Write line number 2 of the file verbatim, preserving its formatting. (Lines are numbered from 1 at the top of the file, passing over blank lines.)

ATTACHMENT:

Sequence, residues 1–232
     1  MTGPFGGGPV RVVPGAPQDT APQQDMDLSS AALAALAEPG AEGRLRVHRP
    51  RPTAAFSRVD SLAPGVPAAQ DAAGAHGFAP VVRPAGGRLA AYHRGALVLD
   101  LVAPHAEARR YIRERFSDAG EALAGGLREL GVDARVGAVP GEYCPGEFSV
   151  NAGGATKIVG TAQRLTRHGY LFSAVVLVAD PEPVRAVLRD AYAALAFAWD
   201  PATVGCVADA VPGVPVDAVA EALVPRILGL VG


     1  MTGPFGGGPV RVVPGAPQDT APQQDMDLSS AALAALAEPG AEGRLRVHRP